Medicaid Needs Surgery
From the February 14 / February 21, 2005 issue: And Jeb Bush's Florida shows how to do it.
Feb 14, 2005, Vol. 10, No. 21 • By DAVID GRATZER
"YOU DON'T PULL FEEDING tubes from people," exclaims a governor, objecting to Medicaid changes floated by the White House. At a December press conference, he continues: "You don't pull the wheelchair out from under the child with muscular dystrophy."
The Bush administration is considering giving states more flexibility to administer the federal-state health insurance program for the needy, with a tradeoff: Washington would cap its contribution in the form of a block grant. "I think it would be a mistake to go down that road," explains a senator. Another governor opposes the idea "in any form."
Health care issues are often divisive, but here's the surprise: All of the above quotations are from Republicans. Governor Mike Huckabee of Arkansas worries about feeding tubes and wheelchairs; Senator Olympia Snowe of Maine warns the administration against change. And the anti-spending-cap governor? Mike Leavitt made the comments when serving in Utah a few years ago--and now he's the secretary of health and human services.
With budget negotiations set to begin, Medicaid will almost surely be a major issue. Facing a large deficit, the administration is eager to find areas to cut--and budget sanity dictates that something be done with the 40-year-old program. But Medicaid needs more than a face-lift, and without careful thought the administration may miss a golden opportunity.
Medicaid was created as an afterthought. Wilbur Mills, then chairman of the House Ways and Means Committee, added provisions for the program to his 1965 Medicare bill, the legislation that launched the national health-insurance program for all seniors. For decades, Medicaid was the poorer, smaller cousin of Medicare, covering only people on some form of welfare. But Congress loosened the eligibility requirements in 1986, and Medicaid started to grow.
Medicaid spending today bests $300 billion a year, up more than 50 percent in the past five years. Its total budget is larger than Medicare's, and it affects more Americans--some 50 million. Unless Medicaid is changed, the Congressional Budget Office projects it will cost nearly $600 billion a year by 2012.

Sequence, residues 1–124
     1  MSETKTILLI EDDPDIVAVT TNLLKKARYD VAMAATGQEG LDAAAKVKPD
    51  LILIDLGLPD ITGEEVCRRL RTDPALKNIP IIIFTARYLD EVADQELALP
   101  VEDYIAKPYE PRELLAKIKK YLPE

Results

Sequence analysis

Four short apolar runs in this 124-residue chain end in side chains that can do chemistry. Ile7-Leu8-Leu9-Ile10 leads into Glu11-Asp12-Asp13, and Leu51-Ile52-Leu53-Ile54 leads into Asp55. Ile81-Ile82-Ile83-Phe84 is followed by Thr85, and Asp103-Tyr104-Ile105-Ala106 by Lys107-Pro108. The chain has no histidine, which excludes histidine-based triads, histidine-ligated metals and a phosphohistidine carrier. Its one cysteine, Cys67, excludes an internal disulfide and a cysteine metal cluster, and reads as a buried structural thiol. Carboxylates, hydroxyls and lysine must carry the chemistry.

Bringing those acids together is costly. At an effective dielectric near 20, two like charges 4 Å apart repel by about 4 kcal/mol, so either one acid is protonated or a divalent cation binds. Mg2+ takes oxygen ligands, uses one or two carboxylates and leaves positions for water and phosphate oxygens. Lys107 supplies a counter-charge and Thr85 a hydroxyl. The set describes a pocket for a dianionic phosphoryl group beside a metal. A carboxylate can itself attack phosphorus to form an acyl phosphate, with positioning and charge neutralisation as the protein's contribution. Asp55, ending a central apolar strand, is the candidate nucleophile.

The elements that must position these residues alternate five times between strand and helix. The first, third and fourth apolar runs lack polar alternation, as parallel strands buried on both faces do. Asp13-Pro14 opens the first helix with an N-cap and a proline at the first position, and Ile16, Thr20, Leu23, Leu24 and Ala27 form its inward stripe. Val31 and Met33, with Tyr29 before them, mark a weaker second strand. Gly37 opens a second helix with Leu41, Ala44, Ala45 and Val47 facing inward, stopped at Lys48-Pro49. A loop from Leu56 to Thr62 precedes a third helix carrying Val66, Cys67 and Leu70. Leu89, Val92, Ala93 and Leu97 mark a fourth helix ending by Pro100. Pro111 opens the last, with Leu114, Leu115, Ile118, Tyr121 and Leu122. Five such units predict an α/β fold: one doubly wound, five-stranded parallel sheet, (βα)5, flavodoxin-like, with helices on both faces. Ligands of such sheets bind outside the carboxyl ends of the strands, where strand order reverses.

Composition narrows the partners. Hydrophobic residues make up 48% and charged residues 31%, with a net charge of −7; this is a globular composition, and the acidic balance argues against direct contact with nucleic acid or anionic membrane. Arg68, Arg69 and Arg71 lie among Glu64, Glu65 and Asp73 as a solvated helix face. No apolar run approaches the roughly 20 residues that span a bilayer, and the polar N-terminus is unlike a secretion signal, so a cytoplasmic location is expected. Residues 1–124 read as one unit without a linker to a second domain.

If Washington frets about Medicaid spending, so do politicians in the states. New York's Republican governor, George Pataki, recently called for $1.1 billion in cuts to the program. His counterpart in Ohio, Bob Taft, gave a speech entitled "Medicaid: The Monster in the Middle of the Road." He's not joking--nationally, state spending on Medicaid exceeds state spending on K-12 education.
With so much political angst, great innovation would seem near. And yet, as we begin the most important political discussions about the program in its 40-year history, the prospects for significant change seem limited. In budget negotiations, the administration is likely to propose a cap on federal spending--exactly as it did a couple of years ago. Between state opposition and a lack of congressional enthusiasm for reform, Medicaid will probably remain unchanged.
Why the deadlock? The basic problem with Medicaid is that Washington foots the bulk of the bill, yet most of the administrative decisions are made at the state level. For poorer states, like Mississippi, 77 cents of every dollar spent comes from federal coffers; for wealthier states, it's closer to 50 cents. Overall, roughly 57 percent of Medicaid's budget is from Washington.
Thus, historically, expanding Medicaid has been a good deal for the states. For every three dollars' worth of new service they've provided their residents, Washington has picked up two. In the 1980s and '90s, states dramatically expanded the program's scope--and did so largely on Washington's dime.
Take Howard Dean's Vermont. The former presidential candidate expanded eligibility when serving as governor, allowing families with incomes up to $51,000 to qualify for some Medicaid benefits. He would have gone further--his office approached the Clinton administration about additional expansions, but the request was denied. Under Dean, Medicaid rolls doubled to include roughly 20 percent of Vermonters. Today, Vermont's Medicaid enrollment exceeds that of nearly every other state. By comparison, neighboring New Hampshire is last.
Yet Vermont is not exceptional. Tennessee embarked on a massive Medicaid expansion in 1994, sold as a "cost savings." Despite various reforms and restrictions, 1.3 million of Tennessee's 5.8 million citizens are still on the rolls, and TennCare consumes a third of the state budget. (Further reforms are tied up in federal court.) Over in New York, after years of activism under Cuomo and abdication under Pataki, the Empire State now spends more on Medicaid than Texas and California combined.